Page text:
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Suds and Spuds

dining_rosieFrom Irish specialties to burgers, organic salads, and house-made desserts, at Rosie McCann’s every day is St. Patrick’s Day

Rosie McCann’s has been a downtown fixture for a decade and a half, balancing the fine line between restaurant and disco. At each of my three recent visits the wait staff made me feel welcome and cared for, and I found comfort in the food of my ancestors.

For lunch Rosie’s offers Irish Classics ($8 to $13), entrées ($13 to $15), burgers ($6.95), salads and house-made soups ($4 to $7).

They pour an extensive list of micro-brewed draft beers ($5), so I enjoyed a nicely priced pint of Anchor Steam’s 2010 Christmas Ale ($3 during happy hour). It’s Anchor Steam’s 36th unique seasonal brew and was as dark and spiced as I had hoped.

The rotund Surf City Burger was topped with an evenly melted slice of jack cheese and a generous scoop of guacamole. The crisp fries were soft inside and served with a wonderful tart, herbal ranch dressing.

An oval boat of Shepherd’s Pie ($9) was covered with lightly browned cheesy mashed potatoes topped with green onions and slivered tomatoes. Underneath, in a rich, dark stock, was ground natural beef with carrots and plump green peas. It was served with a large side of organic greens salad.

At dinner some prices kick up a couple of dollars, and appetizers are available which range from Garlic Fries ($5) to Bacon-wrapped Prawns ($14) stuffed with Parmesan. From our window seat we had a bird’s eye view of strollers on Pacific Avenue and the sunset through a cloud-streaked sky over the roofs of downtown.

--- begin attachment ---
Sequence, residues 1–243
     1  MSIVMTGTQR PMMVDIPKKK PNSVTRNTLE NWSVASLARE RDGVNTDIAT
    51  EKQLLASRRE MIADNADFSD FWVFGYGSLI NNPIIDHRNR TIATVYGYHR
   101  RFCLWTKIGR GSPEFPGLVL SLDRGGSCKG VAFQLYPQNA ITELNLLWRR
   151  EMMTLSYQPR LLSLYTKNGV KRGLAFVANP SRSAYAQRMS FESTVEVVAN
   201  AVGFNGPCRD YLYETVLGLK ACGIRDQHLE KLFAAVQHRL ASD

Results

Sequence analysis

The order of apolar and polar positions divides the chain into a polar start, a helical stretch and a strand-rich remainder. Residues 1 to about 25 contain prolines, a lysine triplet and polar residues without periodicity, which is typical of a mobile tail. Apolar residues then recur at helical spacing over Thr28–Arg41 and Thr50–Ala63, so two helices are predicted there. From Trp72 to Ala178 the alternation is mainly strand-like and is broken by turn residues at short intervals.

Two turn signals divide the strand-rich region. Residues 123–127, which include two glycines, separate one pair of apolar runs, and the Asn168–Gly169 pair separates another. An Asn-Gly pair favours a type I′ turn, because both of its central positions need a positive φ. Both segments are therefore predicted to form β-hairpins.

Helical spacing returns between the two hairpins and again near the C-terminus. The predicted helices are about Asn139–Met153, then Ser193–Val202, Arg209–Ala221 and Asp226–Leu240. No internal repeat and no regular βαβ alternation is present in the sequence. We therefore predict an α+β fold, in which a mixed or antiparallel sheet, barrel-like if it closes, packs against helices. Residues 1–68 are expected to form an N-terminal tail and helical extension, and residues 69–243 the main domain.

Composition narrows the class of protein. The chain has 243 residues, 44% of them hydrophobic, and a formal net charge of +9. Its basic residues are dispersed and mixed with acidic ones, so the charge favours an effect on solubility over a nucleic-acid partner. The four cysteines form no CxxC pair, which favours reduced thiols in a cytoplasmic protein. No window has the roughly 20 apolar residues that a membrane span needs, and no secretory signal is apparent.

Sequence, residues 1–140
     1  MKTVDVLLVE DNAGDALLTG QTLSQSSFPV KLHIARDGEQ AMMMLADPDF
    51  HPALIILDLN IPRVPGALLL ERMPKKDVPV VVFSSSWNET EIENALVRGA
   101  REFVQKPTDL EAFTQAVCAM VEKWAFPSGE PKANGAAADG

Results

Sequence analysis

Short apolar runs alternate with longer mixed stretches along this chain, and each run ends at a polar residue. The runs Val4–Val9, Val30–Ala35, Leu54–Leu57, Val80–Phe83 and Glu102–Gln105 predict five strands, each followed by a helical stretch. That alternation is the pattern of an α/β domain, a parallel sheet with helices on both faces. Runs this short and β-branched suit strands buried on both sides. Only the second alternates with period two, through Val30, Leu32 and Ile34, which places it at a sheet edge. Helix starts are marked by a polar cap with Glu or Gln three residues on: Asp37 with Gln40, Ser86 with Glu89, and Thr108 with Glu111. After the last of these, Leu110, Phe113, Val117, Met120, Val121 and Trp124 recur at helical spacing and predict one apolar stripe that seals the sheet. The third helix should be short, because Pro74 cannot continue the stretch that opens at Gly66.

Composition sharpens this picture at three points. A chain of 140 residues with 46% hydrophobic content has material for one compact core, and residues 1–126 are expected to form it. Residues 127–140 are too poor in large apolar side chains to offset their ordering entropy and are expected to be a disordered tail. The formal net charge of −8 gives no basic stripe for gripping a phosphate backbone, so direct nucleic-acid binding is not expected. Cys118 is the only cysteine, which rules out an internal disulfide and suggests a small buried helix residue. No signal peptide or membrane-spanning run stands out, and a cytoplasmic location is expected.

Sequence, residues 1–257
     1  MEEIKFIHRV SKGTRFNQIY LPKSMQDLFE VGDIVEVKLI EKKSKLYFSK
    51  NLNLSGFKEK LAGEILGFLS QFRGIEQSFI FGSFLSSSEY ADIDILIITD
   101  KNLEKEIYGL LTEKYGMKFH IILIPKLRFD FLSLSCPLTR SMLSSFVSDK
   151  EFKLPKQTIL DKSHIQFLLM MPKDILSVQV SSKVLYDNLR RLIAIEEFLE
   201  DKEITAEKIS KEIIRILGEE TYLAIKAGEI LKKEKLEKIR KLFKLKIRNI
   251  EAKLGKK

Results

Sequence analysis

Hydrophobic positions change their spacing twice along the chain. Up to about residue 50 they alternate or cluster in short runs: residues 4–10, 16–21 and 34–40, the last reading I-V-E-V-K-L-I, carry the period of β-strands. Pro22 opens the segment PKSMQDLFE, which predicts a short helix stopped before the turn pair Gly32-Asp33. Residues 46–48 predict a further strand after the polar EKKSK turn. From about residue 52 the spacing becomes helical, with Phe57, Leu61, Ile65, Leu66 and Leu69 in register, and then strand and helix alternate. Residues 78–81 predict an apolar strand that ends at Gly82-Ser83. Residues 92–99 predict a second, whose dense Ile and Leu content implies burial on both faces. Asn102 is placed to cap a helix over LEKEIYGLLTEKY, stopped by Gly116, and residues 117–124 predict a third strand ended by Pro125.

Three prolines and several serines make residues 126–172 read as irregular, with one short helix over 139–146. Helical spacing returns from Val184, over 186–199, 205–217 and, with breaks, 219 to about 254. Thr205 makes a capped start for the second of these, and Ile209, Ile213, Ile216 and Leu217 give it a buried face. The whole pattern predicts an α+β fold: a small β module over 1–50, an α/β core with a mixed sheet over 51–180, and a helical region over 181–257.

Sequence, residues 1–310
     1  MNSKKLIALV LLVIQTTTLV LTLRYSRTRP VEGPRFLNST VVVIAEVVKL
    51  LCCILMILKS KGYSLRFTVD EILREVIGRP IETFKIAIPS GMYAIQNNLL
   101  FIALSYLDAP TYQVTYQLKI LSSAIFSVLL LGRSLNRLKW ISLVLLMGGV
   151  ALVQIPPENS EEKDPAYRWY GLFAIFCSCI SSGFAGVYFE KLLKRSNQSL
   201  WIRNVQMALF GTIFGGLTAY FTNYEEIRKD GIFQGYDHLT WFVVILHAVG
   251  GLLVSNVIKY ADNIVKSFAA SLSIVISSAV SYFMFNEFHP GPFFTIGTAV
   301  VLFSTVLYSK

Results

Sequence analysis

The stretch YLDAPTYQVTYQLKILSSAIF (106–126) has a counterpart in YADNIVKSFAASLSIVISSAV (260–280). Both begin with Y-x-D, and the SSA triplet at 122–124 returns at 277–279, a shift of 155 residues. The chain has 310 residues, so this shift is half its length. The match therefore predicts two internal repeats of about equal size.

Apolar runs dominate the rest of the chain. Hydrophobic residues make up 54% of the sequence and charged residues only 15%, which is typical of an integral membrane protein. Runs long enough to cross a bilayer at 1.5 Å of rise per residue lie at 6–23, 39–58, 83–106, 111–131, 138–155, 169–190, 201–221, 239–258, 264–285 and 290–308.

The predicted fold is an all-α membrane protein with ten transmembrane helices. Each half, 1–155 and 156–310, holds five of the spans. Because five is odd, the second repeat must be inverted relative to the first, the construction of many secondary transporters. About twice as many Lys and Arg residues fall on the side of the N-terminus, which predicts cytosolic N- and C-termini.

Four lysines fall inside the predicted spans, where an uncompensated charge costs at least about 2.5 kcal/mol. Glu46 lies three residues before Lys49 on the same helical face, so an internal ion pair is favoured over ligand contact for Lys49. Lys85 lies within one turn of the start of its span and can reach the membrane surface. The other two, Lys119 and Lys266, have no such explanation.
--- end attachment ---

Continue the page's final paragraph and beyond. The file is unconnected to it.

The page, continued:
The huge bowl of Lamb Stew ($15) held chunks of flaky, lean lamb in a rich, brown stock with leeks, peas and carrots and a pile of mashed potatoes that hinted of garlic with Guinness gravy. It was more than one man could eat.

I opted for the platter of Grilled Skirt Steak and Fettuccini ($20). Mildly flavored Gorgonzola cream sauce, not overly applied, clung to ribbons of fresh noodles. Vivid sautéed spinach brought back favorite childhood meals. The dark, juicy, grill-marked steak was sliced to reveal tender, medium-rare middles. Served with triangles of garlicky toasted ciabatta, half of this dish went home as well.

It’s hard to avoid house-made desserts ($5). The texture of Bailey’s Chocolate Cheesecake was the perfect fusion of dense and fluffy in a moist homogenous crust. It was not too sweet, with the grown-up flavor of tart cream cheese overwhelming the delicate Bailey’s. Served with whipped cream and thin apple slices, it was drizzled with chocolate sauce.

I enjoyed the Chocolate Mousse so much more. Sweet-tart apple slices arose from the cloud of whipped cream like sails. Underneath was a traditional cocoa-colored mousse. It was thick yet airy and smooth on the tongue, bittersweet, and lusciously rich.

Rosie’s is also known for its nightlife. Pint Night Thursdays each feature a brewery with specially priced beers. DJs hit the stage on Fridays and Saturdays when the kitchen closes at 10 p.m., and live music will soon be heard on Thursdays.


Rosie McCann’s Irish Pub and Restaurant, 1220 Pacific Ave., Santa Cruz, 426-9930. Full Bar. Serving lunch Monday through Friday 11:30 a.m. to 4 p.m., and dinner 4 p.m. to 10 p.m. On Saturday and Sunday enjoy brunch 9:30 a.m. to 2 p.m. and dinner 2 p.m. to 10 p.m. Visit rosiemccanns.com.

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